January 1, 2013
By Phil Scott
On an evening in 2001, actor Robin Williams was James Lipton’s guest on cable television’s Inside the Actors Studio. Twenty-five minutes after the cameras started taping before the live studio audience—and before host, writer, creator, and producer Lipton managed his third question—the manic Williams checked out Lipton’s lapel pin and said, “I have to fix this. Hold on.” He turned the pin on its back.
“No, that’s the way it’s supposed to be,” Lipton said, spinning it back.
“You want the eagle upside down?” Williams said.
“Aircraft Owners and Pilots Association. The wings slope down.”
“But you want it going into the ground?” Williams jumped up, reeling like a drunk before the audience, and said, “I’d like to welcome you to the AOPA. We also have AA-AOPA, so, if this is your first time flying a plane on alcohol, I’d like to welcome you.”
Since 1994 the dignified Lipton has interviewed accomplished, famous, and award-winning (and manic) actors and directors before an audiences of college students on the genteel Inside the Actors Studio. But aviation’s been his passion since childhood. “I always wanted to fly,” he says, but unable to afford lessons he joined the military and qualified as an aviation candidate. When peace broke out—like any performer Lipton doesn’t want to reveal his age, but we’re guessing it was sometime after World War II—pilots were suddenly required to sign on for four years. “I didn’t want to spend the next four years doing that,” he says, so he mustered out and moved to New York to study law. Being in law school he couldn’t afford not to work, so to pay for law school he worked as an actor.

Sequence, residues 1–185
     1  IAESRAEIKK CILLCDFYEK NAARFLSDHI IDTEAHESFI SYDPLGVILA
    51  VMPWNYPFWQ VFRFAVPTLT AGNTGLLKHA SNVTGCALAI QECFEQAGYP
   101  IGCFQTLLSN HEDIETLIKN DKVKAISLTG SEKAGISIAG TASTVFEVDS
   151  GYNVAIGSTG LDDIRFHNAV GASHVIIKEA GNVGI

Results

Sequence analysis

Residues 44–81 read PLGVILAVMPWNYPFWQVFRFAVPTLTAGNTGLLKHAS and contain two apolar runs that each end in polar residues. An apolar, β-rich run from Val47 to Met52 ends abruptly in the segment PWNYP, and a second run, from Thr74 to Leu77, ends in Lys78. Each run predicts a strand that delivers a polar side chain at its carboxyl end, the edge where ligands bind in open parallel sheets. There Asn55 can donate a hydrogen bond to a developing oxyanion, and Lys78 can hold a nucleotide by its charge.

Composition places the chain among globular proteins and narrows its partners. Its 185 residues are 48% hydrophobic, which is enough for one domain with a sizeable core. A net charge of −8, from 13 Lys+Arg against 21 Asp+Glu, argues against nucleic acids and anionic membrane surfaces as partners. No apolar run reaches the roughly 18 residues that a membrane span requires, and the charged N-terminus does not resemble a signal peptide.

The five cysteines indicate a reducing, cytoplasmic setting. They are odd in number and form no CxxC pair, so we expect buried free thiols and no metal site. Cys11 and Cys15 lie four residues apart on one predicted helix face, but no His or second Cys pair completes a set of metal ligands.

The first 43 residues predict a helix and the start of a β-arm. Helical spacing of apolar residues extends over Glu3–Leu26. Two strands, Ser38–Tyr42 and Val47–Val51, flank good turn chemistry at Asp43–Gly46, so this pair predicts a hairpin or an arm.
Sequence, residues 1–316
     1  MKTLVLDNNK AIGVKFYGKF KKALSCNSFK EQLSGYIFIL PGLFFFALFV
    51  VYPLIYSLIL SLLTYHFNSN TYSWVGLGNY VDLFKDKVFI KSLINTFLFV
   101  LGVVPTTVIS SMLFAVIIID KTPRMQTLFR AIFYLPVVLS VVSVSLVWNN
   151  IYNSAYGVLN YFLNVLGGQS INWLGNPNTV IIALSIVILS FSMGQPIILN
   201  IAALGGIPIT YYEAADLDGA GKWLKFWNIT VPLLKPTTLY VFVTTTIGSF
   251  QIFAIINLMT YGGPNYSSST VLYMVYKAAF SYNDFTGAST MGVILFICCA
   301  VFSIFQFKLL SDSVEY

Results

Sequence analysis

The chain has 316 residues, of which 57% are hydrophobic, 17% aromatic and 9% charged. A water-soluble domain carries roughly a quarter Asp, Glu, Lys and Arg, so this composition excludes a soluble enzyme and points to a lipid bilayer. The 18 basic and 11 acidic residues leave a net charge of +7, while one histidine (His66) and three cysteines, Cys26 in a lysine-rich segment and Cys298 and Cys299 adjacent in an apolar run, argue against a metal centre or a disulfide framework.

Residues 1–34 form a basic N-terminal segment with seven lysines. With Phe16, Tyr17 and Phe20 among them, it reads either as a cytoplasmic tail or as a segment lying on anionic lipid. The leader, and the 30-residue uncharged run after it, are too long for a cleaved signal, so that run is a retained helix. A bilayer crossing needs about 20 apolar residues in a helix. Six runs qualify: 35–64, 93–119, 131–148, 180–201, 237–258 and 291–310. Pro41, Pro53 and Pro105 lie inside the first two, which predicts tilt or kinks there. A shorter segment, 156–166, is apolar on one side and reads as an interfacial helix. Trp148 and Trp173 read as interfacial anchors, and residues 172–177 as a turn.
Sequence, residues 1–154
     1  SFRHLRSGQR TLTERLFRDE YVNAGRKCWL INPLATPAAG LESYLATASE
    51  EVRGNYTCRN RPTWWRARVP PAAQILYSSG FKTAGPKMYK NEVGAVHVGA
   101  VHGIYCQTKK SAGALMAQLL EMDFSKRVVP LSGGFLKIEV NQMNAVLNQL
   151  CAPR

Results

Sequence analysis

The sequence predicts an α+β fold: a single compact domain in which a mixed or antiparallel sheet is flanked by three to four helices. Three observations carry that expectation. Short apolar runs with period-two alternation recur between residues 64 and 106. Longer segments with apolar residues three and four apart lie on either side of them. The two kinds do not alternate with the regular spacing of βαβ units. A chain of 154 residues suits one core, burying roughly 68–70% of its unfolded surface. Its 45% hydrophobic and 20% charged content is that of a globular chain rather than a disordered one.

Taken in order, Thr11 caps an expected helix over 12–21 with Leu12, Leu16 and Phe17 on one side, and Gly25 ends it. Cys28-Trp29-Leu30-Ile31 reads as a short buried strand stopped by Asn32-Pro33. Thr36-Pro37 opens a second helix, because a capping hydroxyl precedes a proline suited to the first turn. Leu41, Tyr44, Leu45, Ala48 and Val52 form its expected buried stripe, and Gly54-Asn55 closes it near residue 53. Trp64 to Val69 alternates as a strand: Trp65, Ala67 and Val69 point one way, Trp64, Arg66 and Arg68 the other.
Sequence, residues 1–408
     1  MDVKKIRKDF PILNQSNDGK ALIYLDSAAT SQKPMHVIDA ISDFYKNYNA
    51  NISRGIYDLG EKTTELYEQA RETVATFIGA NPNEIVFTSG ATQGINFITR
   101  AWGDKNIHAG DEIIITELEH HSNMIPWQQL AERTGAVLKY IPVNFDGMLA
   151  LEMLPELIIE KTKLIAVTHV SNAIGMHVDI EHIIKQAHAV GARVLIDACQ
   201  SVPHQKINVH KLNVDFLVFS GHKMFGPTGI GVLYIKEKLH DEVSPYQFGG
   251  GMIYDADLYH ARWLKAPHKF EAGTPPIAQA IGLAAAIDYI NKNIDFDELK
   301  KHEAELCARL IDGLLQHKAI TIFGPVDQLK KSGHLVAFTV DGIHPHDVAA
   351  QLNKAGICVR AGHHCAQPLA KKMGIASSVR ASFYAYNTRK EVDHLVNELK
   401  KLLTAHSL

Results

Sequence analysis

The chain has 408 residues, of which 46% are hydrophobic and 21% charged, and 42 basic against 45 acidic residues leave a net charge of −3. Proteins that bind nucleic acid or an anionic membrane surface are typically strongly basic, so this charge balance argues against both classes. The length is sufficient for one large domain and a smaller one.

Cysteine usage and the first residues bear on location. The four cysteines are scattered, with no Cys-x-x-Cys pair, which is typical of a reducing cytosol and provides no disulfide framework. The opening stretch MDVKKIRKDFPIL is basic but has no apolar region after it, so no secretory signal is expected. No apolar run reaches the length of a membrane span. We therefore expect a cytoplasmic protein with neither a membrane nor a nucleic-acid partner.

He studied the craft for nearly a decade, establishing himself as an actor, voice-over artist, screenwriter, producer, director, and academic. Oh, also an author and a poet. And years after leaving military flight school, Lipton signed up as a student at East Hampton Airport, training primarily in a Cessna 152 and 172. Although he’s been a pilot since 1980, he usually keeps it under wraps during the show—except his tiny AOPA lapel pin, which he always wears.
Unless, of course, another actor-pilot comes on Inside the Actors Studio.
“We get anyone on the show who’s a pilot, we bore people with it,” he says. “Angelina Jolie, Harrison Ford, Tom Cruise, John Travolta—once I get them up on the stage we just forget about the audience and talk about airplanes.”
Among the very first lessons a pilot learns is that a control yoke is not a steering wheel. Research underway in Europe could change that.
An electric two-seater, a glider made to soar above the stratosphere, and a supersonic business jet all have something in common: backing from Airbus.
Patty Wagstaff is a patient teacher, with the skill and experience to get the most out of the Extra 300L—and her student.
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